News » 2012 » KYOCERA Earns 9th Waste-Reduction Award from State of California’'s CalRecycle


KYOCERA Earns 9th Waste-Reduction Award from State of California’'s CalRecycle

State of California Recognizes Environmental Leader for Continually Improved Green Business Practices, Adds to Company’s Growing List of Environmental Awards

SAN DIEGO -- January 23, 2012 -- Kyocera Communications Inc., a San Diego-based provider of Kyocera- and Sanyo-branded wireless phones in the Americas, announced today that it was awarded a 2011 Waste Reduction Award from the California Department of Resource Recycling and Recovery (CalRecycle). It is the ninth year that Kyocera has been recognized with the award by the State’s Waste Reduction Awards Program (WRAP) for its recycling and environmentally friendly business practices. Kyocera also is the City of San Diego’s most-awarded company for environmental programs.

“Concern for the environment and social responsibility have been key components of Kyocera’s management philosophy since the company was founded over 50 years ago,” said Yasuhiro Oishi, president of Kyocera Communications Inc. "Innovation shouldn’t just be applied to the products we make, but also to how we make them, how our employees conduct business and how we can conserve our natural resources.”

In line with its corporate commitment to environmental protection and "harmonious coexistence," Kyocera believes, and has demonstrated, that striving to minimize environmental impacts from business operations by recycling and reducing waste can be both good for the environment and good for business. In 2010, Kyocera Communications Inc. recycled more than 43,596 pounds of paper, plastic, electronic and other waste destined for landfills. Kyocera also radically reduced its carbon footprint on its Sanyo-branded phones by shipping phones in bulk (rather than in retail packaging) from overseas to a U.S. distributor, increasing phone counts per pallet from 240 to 3,600. The company’s offices also reduced electricity consumption by 13 percent and water consumption by 25 percent compared to 2009. Between cost avoidance and recycling revenue, these programs contributed more than $7 million to the company’s bottom line in 2010.

Kyocera’s San Diego-based wireless phone unit focuses on the following recycling efforts locally:
Cell Phones: Collection bins are placed in Kyocera facilities, along with a link on the company’s external Web site telling consumers where they can recycle phones at no cost and even direct any proceeds to their choice of several charitable organizations.
Cardboard: Cardboard is collected from delivered items and is sent to a recycler. In 2010, employees recycled 10,365 pounds of cardboard.
Paper: White and colored paper is collected in offices, copy rooms and labs, while confidential and proprietary documents are collected and securely shredded. The operation recycled 2,414 pounds of mixed paper in 2010.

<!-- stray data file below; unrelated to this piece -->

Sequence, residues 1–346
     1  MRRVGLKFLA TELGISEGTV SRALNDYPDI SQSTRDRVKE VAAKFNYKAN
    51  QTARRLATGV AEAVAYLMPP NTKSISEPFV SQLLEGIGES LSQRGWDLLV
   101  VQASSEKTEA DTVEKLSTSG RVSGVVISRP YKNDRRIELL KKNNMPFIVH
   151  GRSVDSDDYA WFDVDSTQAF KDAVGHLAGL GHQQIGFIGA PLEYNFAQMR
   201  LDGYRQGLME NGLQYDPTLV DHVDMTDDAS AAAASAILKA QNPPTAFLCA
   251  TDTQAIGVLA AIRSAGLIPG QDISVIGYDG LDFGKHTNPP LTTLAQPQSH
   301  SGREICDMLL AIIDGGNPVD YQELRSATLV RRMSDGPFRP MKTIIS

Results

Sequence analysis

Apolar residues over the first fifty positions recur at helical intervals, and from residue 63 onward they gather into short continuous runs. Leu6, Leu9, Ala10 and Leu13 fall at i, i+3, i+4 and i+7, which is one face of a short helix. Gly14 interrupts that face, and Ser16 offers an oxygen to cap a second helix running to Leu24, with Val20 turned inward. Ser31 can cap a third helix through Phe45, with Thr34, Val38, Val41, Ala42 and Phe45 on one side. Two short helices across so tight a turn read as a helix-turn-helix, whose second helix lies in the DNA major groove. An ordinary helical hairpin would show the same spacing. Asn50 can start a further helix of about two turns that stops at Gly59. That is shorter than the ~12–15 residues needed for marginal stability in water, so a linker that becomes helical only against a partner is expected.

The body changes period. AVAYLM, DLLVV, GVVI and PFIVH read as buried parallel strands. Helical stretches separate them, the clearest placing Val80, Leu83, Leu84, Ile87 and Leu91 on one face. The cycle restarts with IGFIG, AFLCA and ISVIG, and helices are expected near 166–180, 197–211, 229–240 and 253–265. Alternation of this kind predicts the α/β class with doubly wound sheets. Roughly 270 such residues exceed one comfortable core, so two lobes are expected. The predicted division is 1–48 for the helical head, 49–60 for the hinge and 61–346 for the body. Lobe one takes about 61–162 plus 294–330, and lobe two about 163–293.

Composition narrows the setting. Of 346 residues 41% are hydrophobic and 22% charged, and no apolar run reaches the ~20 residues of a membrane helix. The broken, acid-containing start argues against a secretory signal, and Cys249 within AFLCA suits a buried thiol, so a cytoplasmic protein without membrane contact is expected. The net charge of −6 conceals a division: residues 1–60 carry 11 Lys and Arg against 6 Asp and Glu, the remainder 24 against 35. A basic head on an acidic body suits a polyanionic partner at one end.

Electronic Scrap: In 2010, employees collected and recycled 5,814 pounds of miscellaneous electronic scrap from labs and offices.

 More information, including the company’s ISO-14001 certification for environmental management systems, is available at Information about Kyocera Corporation’s global environmental and social responsibility efforts is available at

About Kyocera Communications Inc.
Kyocera Communications Inc. is the headquarters for Kyocera- and Sanyo-branded wireless products and accessories in the Americas. The company's devices are driving the convergence of telecommunications, broadband and multimedia. It was formed in April 2009 through the combination of Kyocera Wireless Corp. and Kyocera Sanyo Telecommunications Inc., two wholly owned subsidiaries of Kyocera International Inc. The former was created when Kyocera purchased QUALCOMM Incorporated's consumer wireless phone business in 2000, while the latter was formed when Kyocera purchased the wireless phone business of Sanyo Electric Co., Ltd. in 2008. Based in San Diego, Kyocera Communications Inc. leverages Japan's history of creating advanced consumer technologies around humanism and respect for the environment and blending them with a Western entrepreneurialism and style, resulting in a unique design language and a natural, user-friendly interface. For more information, please visit or follow the company on Facebook at

Kyocera Corporation (NYSE:KYO) (TOKYO:6971) (, the parent and global headquarters of the Kyocera Group, was founded in 1959 as a producer of fine ceramics (also known as “advanced ceramics”). By combining these engineered materials with metals and plastics, and integrating them with other technologies, Kyocera has become a leading supplier of telecommunications equipment, copiers, printers, solar power generating systems, electronic components, semiconductor packages, cutting tools and industrial ceramics. During the year ended March 31, 2011, the company’s net sales totaled 1.27 trillion yen (approx. USD15.3 billion). The company is ranked #604 on Forbes magazine’s 2011 “Global 2000” listing of the world’s largest publicly traded companies.